“It will take white folks doing all of this anti-racism work in ways that are accountable to and in partnership with people of color, recognizing people of color should be central leaders in this movement for racial justice and for educational equity. …While our privilege is unearned and at times uncomfortable, it’s something we have to be prepared to use when it’s in service of changing that very power structure.”

Ana Ponce, CEO, Camino Nuevo Charter Academy, Los Angeles:

A woman with thick curly brown hair wearing a black sweater speaks from a podium at the TFA 25th anniversary event.

“We must work relentlessly. Academic preparation is the foundation to build good schools. But also, that our kids have access to health care. That they live in safe neighborhoods. That their parents make a living wage, and that they have safe water to drink. As educators, it is our shared responsibility to advocate for our children in education and adjacent challenges that impact their outcomes. That One Day is the day our nation moves beyond the token success of a few to provide universal access for all.”

“What will it take to reach One Day? Collective action, working in community, and fostering student agency.”

“Collective action is where we focus on harvesting our shared interests in the best interests of students, where we collaborate on social services, actually have a system that allows for case management of difficult situations, and have conversations on what it will take for all students to have access and be ready to compete.”

“When in community, we recognize that it’s not our role to do for others, but with others. …When we know who we are, and what we bring from a different perspective. When we value the very voices of the people we serve and give them a place at the table.”

“Student agency is where we support a positive narrative of family context, and don’t make assumptions or judgments. Where students acquire tools to hold us accountable, like [my former student] Javier held Camino Nuevo Academy and me [with a five-page reflection essay]. Where we empower our students and not control them, where we push our students to find their voice and to hear their voice, even when it makes us uncomfortable.”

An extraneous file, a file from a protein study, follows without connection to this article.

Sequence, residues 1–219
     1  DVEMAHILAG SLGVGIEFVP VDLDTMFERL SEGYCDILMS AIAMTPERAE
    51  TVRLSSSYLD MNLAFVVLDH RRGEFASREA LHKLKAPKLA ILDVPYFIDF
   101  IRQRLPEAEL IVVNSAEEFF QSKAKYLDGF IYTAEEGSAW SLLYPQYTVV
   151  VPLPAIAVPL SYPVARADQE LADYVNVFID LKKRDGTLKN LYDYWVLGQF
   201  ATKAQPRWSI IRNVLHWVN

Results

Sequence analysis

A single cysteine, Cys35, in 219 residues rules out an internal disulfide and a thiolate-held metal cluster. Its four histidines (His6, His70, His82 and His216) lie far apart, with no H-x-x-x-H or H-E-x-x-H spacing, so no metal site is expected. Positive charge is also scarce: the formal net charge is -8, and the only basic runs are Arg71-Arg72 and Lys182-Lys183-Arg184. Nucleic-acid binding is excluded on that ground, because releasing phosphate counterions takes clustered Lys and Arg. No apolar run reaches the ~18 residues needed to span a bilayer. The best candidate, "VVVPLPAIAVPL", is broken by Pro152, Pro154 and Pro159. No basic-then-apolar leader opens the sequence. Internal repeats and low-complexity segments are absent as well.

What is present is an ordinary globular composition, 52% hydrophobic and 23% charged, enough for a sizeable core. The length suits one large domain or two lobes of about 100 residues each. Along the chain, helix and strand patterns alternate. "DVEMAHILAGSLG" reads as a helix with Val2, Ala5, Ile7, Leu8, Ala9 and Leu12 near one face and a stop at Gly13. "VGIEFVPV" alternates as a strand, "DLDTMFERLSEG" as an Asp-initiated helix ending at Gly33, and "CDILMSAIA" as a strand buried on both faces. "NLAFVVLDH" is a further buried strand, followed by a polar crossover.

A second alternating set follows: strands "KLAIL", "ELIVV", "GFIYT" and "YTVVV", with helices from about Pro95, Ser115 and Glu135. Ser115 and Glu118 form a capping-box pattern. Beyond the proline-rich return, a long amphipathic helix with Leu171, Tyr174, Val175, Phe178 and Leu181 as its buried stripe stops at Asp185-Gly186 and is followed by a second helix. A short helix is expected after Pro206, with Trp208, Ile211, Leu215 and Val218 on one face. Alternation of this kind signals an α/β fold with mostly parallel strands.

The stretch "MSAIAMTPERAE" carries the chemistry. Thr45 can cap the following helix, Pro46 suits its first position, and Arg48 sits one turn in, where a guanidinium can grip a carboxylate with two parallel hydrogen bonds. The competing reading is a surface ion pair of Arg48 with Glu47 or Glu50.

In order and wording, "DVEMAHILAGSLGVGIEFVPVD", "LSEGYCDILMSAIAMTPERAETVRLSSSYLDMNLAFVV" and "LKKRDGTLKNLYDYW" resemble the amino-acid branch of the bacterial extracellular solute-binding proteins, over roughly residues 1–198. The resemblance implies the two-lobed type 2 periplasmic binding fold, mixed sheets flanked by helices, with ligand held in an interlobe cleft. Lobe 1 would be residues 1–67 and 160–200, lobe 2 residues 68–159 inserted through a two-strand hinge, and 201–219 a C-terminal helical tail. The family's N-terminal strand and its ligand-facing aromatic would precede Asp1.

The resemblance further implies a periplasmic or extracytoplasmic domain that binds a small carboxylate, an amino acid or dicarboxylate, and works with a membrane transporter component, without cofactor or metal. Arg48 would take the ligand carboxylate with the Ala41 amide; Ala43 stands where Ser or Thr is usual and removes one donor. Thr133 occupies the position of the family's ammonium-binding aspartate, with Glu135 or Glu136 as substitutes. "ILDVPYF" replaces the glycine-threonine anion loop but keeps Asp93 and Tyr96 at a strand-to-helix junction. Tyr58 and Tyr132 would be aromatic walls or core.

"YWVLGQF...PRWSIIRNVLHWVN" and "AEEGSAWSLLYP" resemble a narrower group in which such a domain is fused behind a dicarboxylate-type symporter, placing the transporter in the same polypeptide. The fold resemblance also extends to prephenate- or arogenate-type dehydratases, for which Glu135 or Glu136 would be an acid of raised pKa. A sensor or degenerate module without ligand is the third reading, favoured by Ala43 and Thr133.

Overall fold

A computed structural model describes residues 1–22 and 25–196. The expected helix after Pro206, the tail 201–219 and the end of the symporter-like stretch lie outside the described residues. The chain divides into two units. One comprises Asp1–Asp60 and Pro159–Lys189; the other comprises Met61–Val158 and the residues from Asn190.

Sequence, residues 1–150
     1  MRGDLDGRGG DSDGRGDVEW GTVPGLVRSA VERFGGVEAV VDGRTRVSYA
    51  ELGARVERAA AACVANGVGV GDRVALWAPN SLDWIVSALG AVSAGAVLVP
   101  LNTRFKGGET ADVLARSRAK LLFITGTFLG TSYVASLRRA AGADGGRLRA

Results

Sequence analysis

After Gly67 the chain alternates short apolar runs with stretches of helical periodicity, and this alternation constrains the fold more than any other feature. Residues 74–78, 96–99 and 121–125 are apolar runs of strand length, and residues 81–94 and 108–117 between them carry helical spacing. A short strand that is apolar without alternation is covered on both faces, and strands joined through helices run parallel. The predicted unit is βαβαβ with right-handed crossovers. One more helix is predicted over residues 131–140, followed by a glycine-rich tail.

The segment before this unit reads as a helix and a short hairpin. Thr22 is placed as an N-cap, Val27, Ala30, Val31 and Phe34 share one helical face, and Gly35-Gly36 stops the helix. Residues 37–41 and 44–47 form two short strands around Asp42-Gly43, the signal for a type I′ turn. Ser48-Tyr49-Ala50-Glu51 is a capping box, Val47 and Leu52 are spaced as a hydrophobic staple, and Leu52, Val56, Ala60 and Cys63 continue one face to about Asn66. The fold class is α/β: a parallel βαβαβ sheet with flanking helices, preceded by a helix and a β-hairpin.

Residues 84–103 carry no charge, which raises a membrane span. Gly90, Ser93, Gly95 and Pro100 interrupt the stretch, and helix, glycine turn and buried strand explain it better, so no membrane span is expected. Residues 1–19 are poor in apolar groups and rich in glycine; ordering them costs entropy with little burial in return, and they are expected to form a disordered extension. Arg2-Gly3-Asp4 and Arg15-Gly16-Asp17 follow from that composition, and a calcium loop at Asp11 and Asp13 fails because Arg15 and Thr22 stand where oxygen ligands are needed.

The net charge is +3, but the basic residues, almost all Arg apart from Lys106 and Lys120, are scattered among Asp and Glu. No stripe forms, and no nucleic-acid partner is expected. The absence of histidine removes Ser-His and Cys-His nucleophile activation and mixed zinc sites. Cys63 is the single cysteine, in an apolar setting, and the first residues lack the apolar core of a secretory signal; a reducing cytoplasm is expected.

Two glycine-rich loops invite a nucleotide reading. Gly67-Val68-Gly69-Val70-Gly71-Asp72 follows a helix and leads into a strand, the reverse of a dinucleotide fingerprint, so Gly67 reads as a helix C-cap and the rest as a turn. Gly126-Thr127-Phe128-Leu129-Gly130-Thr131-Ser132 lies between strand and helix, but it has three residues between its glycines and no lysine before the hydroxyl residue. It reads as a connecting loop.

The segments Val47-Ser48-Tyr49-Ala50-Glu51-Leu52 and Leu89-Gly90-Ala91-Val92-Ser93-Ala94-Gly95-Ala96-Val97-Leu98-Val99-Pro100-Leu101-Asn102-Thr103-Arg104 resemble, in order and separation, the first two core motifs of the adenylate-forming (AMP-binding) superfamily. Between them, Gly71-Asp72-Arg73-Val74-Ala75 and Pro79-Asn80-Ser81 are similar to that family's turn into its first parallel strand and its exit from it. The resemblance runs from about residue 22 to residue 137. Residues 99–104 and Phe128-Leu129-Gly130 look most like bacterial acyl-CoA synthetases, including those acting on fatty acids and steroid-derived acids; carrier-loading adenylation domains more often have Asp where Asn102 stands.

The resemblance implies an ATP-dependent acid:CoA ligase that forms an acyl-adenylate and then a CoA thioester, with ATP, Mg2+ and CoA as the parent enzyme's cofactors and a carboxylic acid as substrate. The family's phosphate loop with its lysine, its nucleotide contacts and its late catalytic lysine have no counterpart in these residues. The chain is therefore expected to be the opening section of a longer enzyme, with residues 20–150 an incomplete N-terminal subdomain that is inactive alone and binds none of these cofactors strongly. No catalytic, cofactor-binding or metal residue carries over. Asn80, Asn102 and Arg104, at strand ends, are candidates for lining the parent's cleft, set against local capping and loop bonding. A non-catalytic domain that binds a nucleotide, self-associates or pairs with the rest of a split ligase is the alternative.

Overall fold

Jonathan Klein, Co-Founder and CEO, Great Oakland Public Schools:

A man with short brown hair in a striped sweater speaks from a podium at the TFA 25th anniversary event.

“Elections truly matter. We should’ve gotten involved in politics much earlier. I’ve been in Oakland since 1999, and the first time we organized around school board elections was 2012, 13 years in. Over the last two election cycles, our candidates for school board have won five of six races. We’ve passed two measures that have brought over $650 million in resources to Oakland public schools. We’re now one of Mayor Libby Schaaf’s chief policy partners.”

“A recent analysis of five education reform organizations in Los Angeles found that just 24 percent of their members are registered to vote, and that just 3 percent of those organizations’ members voted in a school election that involved an education reform candidate. …That’s not acceptable, so please get involved.”

“Healthy unions matter. In 2010, our city had the opportunity to pass a parcel tax to raise $200 million to retain affected teachers. Our local teachers’ union didn’t support the campaign because the money would’ve benefited teachers both in district-run and charter schools. We needed a 66.7 percent, a two-thirds majority, for it to pass, and lost by just 760 votes.”

“Parent leadership is essential for change. No matter how strong your grassroots coalition may be, there’s no substitute for it. …Our strategy needs to better account for relational and cultural change, block by block, family by family, neighbor by neighbor.”

Julie Jackson, Chief School Officer, Uncommon Schools:

A young woman with dyed blonde hair in a black blazer speaks on stage at the TFA 25th anniversary event.

“By age 5, low-income students will have been exposed to 20 million words, while high-income students will have been exposed to 50 million words. By the end of fourth grade, African American, Hispanic, and low-income students are already two grade levels behind. The dropout rate for low-income students is seven times higher than high-income students. Half of all students in high-income families by the age of 25 have earned a bachelor degree; in low-income families, it’s 1 out of 10. These stats are alarming.”

“The bodies and minds of the students we teach every day are at risk. The tragic consequence of our broken system demands that we take action. This action cannot happen in a single day, or a single effort. One Day will not be achieved by one strategy, one approach, one classroom, one organization, or in one part of this country. It will take more than that. …It will take teachers and leaders and people inside and outside of education who are fed up with the current state of education in this country.”

“There are five key pillars that must be present, and these are the ones I live by: love, sacrifice, boldness, persistence, and urgency.”

“When you truly have love, self-sacrifice becomes natural. You are no longer part of the mission. The mission is a part of you. …Some of the greatest leaders of our time have sacrificed their time for the betterment of others.”

“There are critics out there and a lot of barriers. We cannot wait for the politicians. We cannot wait for policy changes, and we definitely cannot wait for poverty to be eradicated. We must utilize every minute of every day to ensure that our students are getting instruction that is rigorous, that is relevant, that is challenging, and that is engaging, and that prepares them for tomorrow. Because that is the true assignment, my friends, is to prepare them for tomorrow. We must act with urgency, and this is a call to action.”

Visit our 25th Anniversary Summit page and keep the conversation going on social media using the hashtag #TFA25.